Friday, April 23, 2010

Dance When There Is Music/Eat When There Is Food

I had no idea that picture taking could become a training exercise. Jason grabbed his camera this morning and thought he'd take some pictures of me while we went for our morning walk. I of course had other ideas. There were three other dogs walking around. They needed to be played with. There was a family going for a run around the reservoir. They needed to be chased after.There were the squirrels. Yum. They needed to be eaten as I find them irresistible. Lastly, with spring here, there are birds galore. They are the most interesting, distracting, and amusing creatures I've ever met. They flutter around and always seem to be just out of reach. I sure do like trying for them.

Anyway, can you see the dilemma? Jason expected me to sit still. I most clearly had other plans. Who do you think won out? We both did, of course. How'd we manage that? I thought you might ask.

When Jason had a good night sleep, is well fed, and generally not crabby, he seems to subscribe to the notion of dancing when there is music and eating when there is food. He goes with what is rather than what he thinks he wants. He tells me this is radical acceptance. I've got no idea what that means, but I know when he is doing it things go smoothly. He doesn't lose patience with me. We have fun. Everything in the world seems right. When he isn't radically accepting things as they are he gets upset, I get scared, and we generally don't seem to have a very good time.

This doesn't mean Jason gives up and does whatever I want. He's not a push over, and I don't rule the roost. Take his photo shoot this morning as an example. The spring flowers are up and he wanted to take some pictures. Aren't they lovely? Do you have any idea what he went through to get this one rather average image? Let me tell you: a lot.

You see, I kept walking into the shot. For every single shot of flowers Jason took there were about ten that were either sideways because he was trying to hold me out of the picture or had a blurred image f my ear or tail off to the edge. Why? Flowers after all aren't just interesting to people. Dogs like them too. I'm particularly fond of biting the flowers of daffodils (much to Jason's horror as he is told they are poisonous to animals). I also like sniffing them. Sometimes I find exciting things like butterflies or bumblebees on the blossom. This is my first springtime so this is all new and exciting. It's natural that I want to sniff and explore. That and since I have no idea what a camera is I don't know that I'm supposed to stay out of the image.

So what do you do? Do you get mad and yell at your dog? Have you tried that? Doesn't work very well does it? When people yell at us dogs we understand there is a problem but have no idea about the nature of the problem. If I got yelled at during the photo shoot I'd be just as likely to think that I get yelled at every time there is a camera in view, or that sniffing flowers is bad and I shouldn't ever sniff. That wouldn't be very good.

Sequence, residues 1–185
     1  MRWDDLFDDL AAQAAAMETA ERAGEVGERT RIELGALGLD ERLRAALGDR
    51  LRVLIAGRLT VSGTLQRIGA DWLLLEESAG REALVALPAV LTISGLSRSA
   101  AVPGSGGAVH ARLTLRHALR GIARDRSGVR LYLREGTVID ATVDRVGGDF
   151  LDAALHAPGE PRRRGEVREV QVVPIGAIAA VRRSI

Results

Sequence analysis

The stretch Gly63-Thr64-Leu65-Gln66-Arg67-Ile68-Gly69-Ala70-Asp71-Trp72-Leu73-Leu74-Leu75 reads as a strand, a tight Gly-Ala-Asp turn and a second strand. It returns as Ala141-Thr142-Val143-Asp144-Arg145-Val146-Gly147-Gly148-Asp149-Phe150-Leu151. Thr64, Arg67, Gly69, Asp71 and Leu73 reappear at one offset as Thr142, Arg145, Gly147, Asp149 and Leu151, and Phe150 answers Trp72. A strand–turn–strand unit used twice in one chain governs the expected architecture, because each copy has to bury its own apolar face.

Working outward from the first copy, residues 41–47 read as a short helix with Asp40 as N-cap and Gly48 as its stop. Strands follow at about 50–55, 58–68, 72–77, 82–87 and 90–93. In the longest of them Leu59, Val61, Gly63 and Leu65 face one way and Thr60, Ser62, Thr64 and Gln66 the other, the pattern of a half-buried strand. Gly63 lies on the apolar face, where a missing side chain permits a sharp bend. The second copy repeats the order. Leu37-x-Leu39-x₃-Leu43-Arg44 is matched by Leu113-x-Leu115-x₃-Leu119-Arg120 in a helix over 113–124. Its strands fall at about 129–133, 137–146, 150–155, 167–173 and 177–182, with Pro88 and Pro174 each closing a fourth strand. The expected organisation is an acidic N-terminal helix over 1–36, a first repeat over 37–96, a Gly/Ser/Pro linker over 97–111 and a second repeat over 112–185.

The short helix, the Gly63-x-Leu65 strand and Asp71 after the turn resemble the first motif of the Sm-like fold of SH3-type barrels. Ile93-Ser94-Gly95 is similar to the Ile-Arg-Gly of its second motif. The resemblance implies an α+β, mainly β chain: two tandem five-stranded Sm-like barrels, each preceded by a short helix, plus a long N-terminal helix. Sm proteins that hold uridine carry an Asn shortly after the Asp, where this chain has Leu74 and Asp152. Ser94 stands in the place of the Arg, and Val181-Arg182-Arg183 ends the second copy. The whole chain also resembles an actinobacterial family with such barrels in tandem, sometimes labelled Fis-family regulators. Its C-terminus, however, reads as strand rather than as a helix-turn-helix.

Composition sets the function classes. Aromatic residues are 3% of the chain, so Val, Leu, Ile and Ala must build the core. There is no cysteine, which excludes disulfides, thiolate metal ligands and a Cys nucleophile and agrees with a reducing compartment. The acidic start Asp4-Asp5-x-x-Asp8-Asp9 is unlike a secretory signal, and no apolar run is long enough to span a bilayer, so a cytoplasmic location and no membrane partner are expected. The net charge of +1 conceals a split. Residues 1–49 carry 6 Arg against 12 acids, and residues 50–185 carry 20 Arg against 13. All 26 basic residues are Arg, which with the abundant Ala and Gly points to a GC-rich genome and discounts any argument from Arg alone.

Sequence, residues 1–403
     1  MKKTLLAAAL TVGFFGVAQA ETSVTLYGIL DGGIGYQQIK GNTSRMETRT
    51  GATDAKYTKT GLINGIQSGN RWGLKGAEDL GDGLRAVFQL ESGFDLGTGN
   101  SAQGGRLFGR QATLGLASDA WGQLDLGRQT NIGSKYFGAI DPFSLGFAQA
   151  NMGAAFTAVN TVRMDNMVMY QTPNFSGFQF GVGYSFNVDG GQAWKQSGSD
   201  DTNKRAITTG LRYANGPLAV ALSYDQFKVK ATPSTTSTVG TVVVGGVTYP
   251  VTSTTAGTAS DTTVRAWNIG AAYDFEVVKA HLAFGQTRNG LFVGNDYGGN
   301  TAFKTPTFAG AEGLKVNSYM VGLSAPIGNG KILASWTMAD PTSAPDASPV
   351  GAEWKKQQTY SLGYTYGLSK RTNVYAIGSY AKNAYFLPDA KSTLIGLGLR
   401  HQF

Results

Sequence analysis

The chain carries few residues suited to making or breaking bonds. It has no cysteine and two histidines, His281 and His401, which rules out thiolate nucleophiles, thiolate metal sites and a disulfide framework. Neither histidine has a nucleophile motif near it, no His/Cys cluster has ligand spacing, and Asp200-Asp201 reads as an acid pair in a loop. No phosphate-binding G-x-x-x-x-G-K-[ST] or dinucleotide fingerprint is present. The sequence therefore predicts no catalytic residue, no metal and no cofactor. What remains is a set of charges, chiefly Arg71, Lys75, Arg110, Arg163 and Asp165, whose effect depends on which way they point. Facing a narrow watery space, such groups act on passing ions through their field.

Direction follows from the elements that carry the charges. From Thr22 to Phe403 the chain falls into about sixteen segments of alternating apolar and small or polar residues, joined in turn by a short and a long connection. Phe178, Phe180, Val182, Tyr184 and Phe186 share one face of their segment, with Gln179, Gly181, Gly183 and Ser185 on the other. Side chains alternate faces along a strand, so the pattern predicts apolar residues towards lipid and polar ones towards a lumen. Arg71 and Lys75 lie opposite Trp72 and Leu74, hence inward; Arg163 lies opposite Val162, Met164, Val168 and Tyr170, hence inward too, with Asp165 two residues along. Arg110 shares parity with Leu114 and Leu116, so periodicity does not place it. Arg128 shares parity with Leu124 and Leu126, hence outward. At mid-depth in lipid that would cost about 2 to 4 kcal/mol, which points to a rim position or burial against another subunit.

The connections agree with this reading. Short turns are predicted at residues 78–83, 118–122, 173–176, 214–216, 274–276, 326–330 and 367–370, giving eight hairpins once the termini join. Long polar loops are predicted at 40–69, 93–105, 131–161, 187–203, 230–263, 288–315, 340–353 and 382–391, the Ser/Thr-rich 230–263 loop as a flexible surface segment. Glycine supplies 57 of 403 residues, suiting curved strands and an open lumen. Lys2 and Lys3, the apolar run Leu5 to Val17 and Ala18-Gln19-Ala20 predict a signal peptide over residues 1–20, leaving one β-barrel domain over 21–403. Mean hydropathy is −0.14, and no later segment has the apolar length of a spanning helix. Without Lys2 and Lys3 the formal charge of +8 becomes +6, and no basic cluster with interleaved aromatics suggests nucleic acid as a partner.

Here is where radical acceptance comes into play. Dogs sniff. Dogs get in the way. Dogs get distracted by all sorts of things and want to explore. Jason eventually got around to accepting this. Once he did, he had a choice: get mad at me, leave me at home and go take pictures, take me for a walk and take pictures, or accept that he won't be able to take the pictures he wants and instead take pictures that he can take when I am around. He selected the last option.

Now I'm sure you all have encountered these sorts of dilemmas all the time. Maybe you even feel bad because you can't "control" your dog. Maybe you even yell at your dog, or hit your dog in an attempt to exert some sort of control of the situation. It happens to all of us. It's not pretty, and it exposes cruel parts that we all have. It also provides a precious opportunity to discover a deep sense of playful and peaceful compassion toward ourselves and others.

Dance when there is music. Eat when there is food. That's what I say (yeah yeah yeah, I don't actually speak, but you know what I mean). So many wonderful part of life pass us by while we are busy complaining about not being able to do the things we want to do. So many opportunities to change our experiences pass us because we are too occupied denying what is happening in the moment.

Take a moment, find your feet, find your breath, and most importantly find the moment. It is in that exact second when you truly become alive, become powerful, and become able to change.

By the way, birds and squirrels turn out to be great training tools. I quickly discovered that if I stared at them without moving, they didn't run away from me. As a bonus, when I sat and stared intently at them for a period of time, Jason rewarded me by letting me run after them and chase them around the field. Jason got rewarded by taking this head shot of me, staring longingly off into to the distance at a robin. I was totally in the moment and he was too.


  1. This is the best post ever! I loved every aspect of it. The photographs are fantastic & they truly captured the essence of the "story. Both the photos & the text convey a wisdom that is both simple & profound at the same time. I am inspired to radically accept dancing when there's music & find joy that exists in the present moment. Happy first spring, Maggie! It sounds like both you & Jason are dancing to the music of a glorious springtime of discovery.

  2. Awesome post. Just what I needed to hear today :) Thank You to you both!